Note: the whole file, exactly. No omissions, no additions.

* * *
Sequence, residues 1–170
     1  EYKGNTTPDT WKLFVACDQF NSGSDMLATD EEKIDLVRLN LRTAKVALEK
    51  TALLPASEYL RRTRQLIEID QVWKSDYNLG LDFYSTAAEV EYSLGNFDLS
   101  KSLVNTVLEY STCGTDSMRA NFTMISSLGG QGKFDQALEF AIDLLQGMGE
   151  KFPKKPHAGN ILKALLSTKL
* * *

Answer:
Sequence, residues 1–170
     1  EYKGNTTPDT WKLFVACDQF NSGSDMLATD EEKIDLVRLN LRTAKVALEK
    51  TALLPASEYL RRTRQLIEID QVWKSDYNLG LDFYSTAAEV EYSLGNFDLS
   101  KSLVNTVLEY STCGTDSMRA NFTMISSLGG QGKFDQALEF AIDLLQGMGE
   151  KFPKKPHAGN ILKALLSTKL